(The pastries look good but I only liked the macarons)

And honestly, I needed my brain at full capacity because I had to speak French 90% of the time while in Tangier. We spoke no Arabic except for "la" which means "no" and "selam" which stands in for "hi". After only a day or so I didn't miss the constant wifi at all. Shocking but true.

We spent the balance of our last day in Tangier wandering. Wandering is the BEST way to see any city in Morocco. It's the best way to see any city ANYWHERE, am I right? We found a local guide who wasn't pushy and spoke great English (thank goodness for a brief reprieve from translating into French). We asked him to take us to a restaurant that he liked; nothing touristy. Naturally, I didn't write the name down of where we had dinner but OH MY GOODNESS the food was sublime. It was here that we were introduced to our new favorite food in Morocco, the pastille.


After dinner we continued to wander with our guide through the streets of Tangier. We explained that we had no interest in the touristy version of Tangier; we wanted to see where the locals shopped and ate and worshipped. It was great to go off the beaten path for a few hours. Eventually, we made our way to the famous Cafe Baba.   This place is known as hash heaven, and while we didn't partake of the legendary Cafe Baba smoke culture, we loved being a part of the vibe. Funnily enough, we discovered that Cafe Baba was literally around the corner from our riad!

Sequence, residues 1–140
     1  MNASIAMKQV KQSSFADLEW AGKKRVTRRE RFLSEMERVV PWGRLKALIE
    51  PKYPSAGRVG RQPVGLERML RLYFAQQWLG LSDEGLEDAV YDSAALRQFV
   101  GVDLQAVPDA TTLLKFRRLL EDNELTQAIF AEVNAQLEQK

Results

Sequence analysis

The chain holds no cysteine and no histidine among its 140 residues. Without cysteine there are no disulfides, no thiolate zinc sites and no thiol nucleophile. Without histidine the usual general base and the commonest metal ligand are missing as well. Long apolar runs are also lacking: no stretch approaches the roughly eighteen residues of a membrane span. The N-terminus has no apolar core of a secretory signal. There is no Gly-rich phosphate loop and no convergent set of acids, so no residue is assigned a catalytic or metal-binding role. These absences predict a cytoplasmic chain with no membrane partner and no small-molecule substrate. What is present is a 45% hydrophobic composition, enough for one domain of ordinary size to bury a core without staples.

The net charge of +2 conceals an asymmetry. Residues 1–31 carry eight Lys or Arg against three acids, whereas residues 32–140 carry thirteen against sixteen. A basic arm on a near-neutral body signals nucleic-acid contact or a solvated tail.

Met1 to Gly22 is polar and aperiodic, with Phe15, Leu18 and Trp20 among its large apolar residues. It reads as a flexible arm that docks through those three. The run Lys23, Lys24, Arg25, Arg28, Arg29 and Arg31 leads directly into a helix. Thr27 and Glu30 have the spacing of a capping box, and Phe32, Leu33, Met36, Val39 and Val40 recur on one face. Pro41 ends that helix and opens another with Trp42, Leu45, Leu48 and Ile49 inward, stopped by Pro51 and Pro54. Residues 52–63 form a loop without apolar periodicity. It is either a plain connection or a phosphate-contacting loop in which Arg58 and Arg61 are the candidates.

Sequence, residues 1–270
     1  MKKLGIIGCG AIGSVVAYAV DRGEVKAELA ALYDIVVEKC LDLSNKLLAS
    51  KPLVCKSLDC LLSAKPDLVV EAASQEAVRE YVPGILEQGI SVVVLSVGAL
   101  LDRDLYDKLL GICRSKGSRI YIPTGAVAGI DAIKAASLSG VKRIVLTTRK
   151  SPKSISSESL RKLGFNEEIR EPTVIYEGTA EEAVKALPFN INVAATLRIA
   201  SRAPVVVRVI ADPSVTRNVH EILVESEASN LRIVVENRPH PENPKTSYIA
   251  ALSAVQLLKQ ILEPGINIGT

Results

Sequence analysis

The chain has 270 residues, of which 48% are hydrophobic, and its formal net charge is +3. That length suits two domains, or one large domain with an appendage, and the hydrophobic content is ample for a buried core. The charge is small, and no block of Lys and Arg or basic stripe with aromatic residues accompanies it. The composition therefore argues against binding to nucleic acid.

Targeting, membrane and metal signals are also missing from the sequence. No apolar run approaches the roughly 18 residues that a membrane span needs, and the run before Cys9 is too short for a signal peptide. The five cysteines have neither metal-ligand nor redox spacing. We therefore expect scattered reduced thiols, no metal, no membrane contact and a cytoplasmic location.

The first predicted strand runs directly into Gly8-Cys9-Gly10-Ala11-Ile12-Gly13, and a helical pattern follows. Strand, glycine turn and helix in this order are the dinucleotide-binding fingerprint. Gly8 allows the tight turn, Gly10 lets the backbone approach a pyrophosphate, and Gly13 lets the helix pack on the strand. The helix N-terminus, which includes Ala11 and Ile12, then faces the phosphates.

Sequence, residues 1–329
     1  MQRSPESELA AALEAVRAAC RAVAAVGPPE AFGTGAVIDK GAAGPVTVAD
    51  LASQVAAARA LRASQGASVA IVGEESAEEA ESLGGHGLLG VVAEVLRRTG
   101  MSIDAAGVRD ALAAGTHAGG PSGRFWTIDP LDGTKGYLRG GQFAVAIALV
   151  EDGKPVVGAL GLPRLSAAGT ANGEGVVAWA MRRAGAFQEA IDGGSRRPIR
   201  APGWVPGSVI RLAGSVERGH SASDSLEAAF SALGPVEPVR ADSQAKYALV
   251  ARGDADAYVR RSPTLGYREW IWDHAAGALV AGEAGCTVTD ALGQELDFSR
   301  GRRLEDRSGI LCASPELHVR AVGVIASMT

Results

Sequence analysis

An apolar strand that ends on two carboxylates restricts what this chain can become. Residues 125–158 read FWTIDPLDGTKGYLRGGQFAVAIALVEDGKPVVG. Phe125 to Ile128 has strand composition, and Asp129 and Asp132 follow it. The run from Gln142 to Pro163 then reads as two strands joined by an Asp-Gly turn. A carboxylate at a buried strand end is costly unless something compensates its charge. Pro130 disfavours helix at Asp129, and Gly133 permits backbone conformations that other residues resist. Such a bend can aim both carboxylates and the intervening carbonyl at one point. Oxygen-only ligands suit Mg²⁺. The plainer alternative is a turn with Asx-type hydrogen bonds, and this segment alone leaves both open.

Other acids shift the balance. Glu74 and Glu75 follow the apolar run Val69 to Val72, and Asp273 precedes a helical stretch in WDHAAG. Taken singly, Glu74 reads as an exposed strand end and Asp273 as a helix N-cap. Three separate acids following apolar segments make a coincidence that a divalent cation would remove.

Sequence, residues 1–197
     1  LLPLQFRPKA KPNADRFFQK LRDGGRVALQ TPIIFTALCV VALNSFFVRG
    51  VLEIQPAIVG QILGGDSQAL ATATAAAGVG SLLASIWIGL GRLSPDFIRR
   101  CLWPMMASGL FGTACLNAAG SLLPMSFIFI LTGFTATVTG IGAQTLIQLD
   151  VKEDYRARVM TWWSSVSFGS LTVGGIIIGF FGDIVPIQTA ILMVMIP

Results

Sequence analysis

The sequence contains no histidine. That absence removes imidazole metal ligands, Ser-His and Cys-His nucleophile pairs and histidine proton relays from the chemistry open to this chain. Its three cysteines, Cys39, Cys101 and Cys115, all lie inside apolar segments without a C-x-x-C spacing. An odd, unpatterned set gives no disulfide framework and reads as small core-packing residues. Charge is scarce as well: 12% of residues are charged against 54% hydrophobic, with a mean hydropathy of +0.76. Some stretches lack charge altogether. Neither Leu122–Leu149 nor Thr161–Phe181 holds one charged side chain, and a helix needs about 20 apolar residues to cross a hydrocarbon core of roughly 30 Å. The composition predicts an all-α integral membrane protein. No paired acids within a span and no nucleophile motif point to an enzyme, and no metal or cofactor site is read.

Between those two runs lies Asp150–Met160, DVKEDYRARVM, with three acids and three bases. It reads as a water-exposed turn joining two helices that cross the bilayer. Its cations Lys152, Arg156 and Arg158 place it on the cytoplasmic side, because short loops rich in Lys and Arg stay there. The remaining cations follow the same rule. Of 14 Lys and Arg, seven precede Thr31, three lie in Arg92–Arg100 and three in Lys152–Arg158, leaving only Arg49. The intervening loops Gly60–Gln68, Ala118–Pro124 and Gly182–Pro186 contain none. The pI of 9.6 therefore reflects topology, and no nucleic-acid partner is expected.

After a long day of walking and taking in all that Tangier had to offer, we headed back to our riad to pack up and have a good night sleep. The next morning, we headed to Fez.

Sunday, June 28, 2015

Morocco - Day 1 Travel to Casablanca and Tangier

(First night in Tangier, Morocco. Spain is behind us just across the water)

First off, the excitement of a dream coming true - finally going to Morocco?! I practically floated onto the plane at SFO. I had been dreaming of this trip since I was 14 and it was here! Here I am trying on my pack the day before leaving:

Osprey packs are THE BEST. I can't say enough good things about these. We decided to do this whole trip with just our backpacks and a duffle bag for souvenir overflow. We hauled them over to the other side of the world, dragged them through trains, taxis, the desert, the mountains, through medina's and souks and they were perfection. If you are looking for a hardworking travel pack look no further than Osprey. 

We flew from SFO to JFK on Jet Blue. It was easy and painless. Then we had a 3 hour layover before boarding Royal Air Maroc for our 7 hour flight to Casablanca. The plane was a brand new dreamliner and was SO nice. Each of the seats had a big screen with plenty of free movies and TV plus a USB port at each seat. NICE. As soon as we boarded the plane loud Arabian music began playing and continued until we were 10,000 feet in the air. To my untrained ears it sounded a lot like Indian music...but what do I know.

My husband and I were some of the only Americans flying to Morocco. It was a full flight and truly an immediately immersive experience into Middle Eastern and African culture. All of the women on the flight wore a headcovering of some kind. I heard almost no English. My seat mate was a young Moroccan mother traveling with her 18 month old son. She was also pregnant and we can all imagine how tiring it is to travel while battling morning sickness and caring for a toddler. I held her son a few times on the trip and loved being able to help. Sam's seat mates were from Liberia and spoke very little English. It was our first time flying back to Africa since our journey five years ago to Ethiopia and honestly, it felt like going home. Crazy right?